ShelfLife, a marketplace for raw materials, raises $3 million seed round


Two years ago, Lillian Cartwright, along with some fellow Harvard Business School students, launched a new edgy seltzer brand called Astrid. Despite all the tools that made it easier than ever to launch the D2C brand, the team faced complications in securing the raw materials.

This piece of the supply chain is still stuck in the past, according to Cartwright, who pointed out that much of it is still based around trade shows, driven by referrals and personal connections and lots of phone calls.

thoughts for then shelf life was born. The company, founded by Cartwright and John Kline, aims to build a directory and marketplace of raw material suppliers based on exactly what brands are in need, allowing them to secure quotes quickly.

The current system is set up to benefit large existing CPG brands, but the industry is changing. Craft drinks, in particular, are growing in popularity And the pandemic encouraged consumers to buy more bottled, boxed and canned goods online.

In fact, Cartwright says there are 50 food and beverage brands. launched every single day. But smaller, newer brands don’t have an easy way to buy ingredients. For Cartwright and Astrid, it was so complicated that it prompted them and their team to abandon the project.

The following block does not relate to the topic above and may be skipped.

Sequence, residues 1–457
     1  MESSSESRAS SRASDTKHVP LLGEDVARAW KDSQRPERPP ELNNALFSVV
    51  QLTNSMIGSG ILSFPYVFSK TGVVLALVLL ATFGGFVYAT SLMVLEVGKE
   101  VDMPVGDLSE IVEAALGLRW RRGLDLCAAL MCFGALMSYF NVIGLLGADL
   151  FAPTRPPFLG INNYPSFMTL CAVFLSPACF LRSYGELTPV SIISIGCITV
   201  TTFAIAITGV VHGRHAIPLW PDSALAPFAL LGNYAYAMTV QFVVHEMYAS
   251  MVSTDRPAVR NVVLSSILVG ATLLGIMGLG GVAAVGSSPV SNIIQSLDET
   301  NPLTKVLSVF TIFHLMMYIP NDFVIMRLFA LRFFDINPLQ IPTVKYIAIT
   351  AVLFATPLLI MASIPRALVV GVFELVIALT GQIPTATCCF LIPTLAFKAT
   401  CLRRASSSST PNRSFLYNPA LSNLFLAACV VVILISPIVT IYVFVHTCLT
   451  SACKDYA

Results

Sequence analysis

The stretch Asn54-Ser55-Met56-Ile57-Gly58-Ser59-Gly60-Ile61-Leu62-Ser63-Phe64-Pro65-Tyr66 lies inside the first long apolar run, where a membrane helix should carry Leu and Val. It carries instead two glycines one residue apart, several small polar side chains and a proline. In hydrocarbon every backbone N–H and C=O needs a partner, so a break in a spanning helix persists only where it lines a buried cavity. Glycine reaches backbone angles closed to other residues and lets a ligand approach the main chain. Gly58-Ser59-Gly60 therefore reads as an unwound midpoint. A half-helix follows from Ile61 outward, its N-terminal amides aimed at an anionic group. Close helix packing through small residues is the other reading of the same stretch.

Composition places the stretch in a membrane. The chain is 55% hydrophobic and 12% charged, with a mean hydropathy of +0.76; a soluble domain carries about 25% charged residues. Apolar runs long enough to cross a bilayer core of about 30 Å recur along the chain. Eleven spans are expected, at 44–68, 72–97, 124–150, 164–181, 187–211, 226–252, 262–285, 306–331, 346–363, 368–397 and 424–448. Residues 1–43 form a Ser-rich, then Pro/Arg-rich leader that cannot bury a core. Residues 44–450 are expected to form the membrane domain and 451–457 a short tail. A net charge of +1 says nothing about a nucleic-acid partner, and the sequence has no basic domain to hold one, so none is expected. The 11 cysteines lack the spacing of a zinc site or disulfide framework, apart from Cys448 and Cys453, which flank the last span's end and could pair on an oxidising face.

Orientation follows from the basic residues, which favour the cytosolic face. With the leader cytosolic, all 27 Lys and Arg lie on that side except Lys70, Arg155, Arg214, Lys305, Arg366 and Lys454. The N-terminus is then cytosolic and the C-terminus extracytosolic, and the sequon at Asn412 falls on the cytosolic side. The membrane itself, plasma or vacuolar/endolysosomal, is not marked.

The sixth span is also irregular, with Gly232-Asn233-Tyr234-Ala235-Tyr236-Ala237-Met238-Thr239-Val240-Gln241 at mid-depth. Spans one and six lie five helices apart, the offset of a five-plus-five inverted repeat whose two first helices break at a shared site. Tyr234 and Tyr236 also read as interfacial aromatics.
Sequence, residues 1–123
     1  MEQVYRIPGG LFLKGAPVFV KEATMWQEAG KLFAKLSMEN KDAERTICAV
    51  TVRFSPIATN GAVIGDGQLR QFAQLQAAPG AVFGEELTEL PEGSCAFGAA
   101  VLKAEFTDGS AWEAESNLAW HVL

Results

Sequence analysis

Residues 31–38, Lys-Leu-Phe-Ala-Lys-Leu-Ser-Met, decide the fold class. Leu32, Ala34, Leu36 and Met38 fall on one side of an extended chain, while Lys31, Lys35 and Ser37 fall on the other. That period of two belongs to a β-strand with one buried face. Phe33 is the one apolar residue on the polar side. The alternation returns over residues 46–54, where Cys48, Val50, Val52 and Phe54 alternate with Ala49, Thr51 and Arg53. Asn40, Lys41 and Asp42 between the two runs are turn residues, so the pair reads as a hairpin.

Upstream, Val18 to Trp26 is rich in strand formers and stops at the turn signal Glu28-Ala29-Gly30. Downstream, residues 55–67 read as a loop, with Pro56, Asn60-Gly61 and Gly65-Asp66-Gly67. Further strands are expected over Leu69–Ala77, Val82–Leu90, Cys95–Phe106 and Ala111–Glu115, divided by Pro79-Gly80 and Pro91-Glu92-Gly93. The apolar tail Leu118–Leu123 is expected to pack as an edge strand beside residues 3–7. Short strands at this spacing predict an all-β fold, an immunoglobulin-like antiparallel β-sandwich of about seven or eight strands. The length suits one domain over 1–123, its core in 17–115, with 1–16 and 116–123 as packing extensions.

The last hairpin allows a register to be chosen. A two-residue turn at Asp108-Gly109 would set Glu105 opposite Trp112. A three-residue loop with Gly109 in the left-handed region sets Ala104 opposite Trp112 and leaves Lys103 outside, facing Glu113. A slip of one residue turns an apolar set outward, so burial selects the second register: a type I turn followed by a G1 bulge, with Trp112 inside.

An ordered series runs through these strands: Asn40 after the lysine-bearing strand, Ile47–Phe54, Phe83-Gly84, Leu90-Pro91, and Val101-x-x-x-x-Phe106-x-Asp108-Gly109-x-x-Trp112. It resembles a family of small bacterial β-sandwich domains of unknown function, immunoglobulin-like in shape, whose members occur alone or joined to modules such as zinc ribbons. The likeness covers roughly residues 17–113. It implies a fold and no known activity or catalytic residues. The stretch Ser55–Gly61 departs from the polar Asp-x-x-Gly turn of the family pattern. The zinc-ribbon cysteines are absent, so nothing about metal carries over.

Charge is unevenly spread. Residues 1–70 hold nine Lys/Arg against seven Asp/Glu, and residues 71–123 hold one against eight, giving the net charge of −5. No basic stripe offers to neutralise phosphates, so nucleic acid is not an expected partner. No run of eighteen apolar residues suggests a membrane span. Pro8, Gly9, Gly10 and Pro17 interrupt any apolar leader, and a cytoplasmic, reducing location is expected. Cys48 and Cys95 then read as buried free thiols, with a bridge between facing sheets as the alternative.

“I ran that experience with it instead,” Cartwright said. “There are thousands of others who want to launch brands in the food and beverage sector. There are no resources when it comes to supply chain. There is something out there, and this whole space is going to end digitization in the very near term. “

In beta, Shelflife charges a small fee for use of the software, and is buying supplier quotes manually on behalf of brands. The funding will, in part, go towards automating that process as much as possible on both the brand and supplier sides.

One of its challenges is that not all suppliers like the idea of ​​being compared to one another, all on one page. Cartwright argues that the changing landscape of the industry means that lead generation around new brands is increasing in importance, and a trend that suppliers should pursue.

Ultimately, Cartwright wants to move the shelf life business model to a commission structure that will draw from budget suppliers that is typically reserved for field sales reps. The company wants to build products around financing for brands, as many suppliers require upfront payment, which can be taxing on a smaller brand.

The funding round was led by Switch Ventures and Kindred Ventures, with participation from NextView Ventures, Ben Ziss (SuperAngel.VC), Ilya Papa (Former CTO of Blue Apron), and Elena Donio (Former President of SAP Concur) . .

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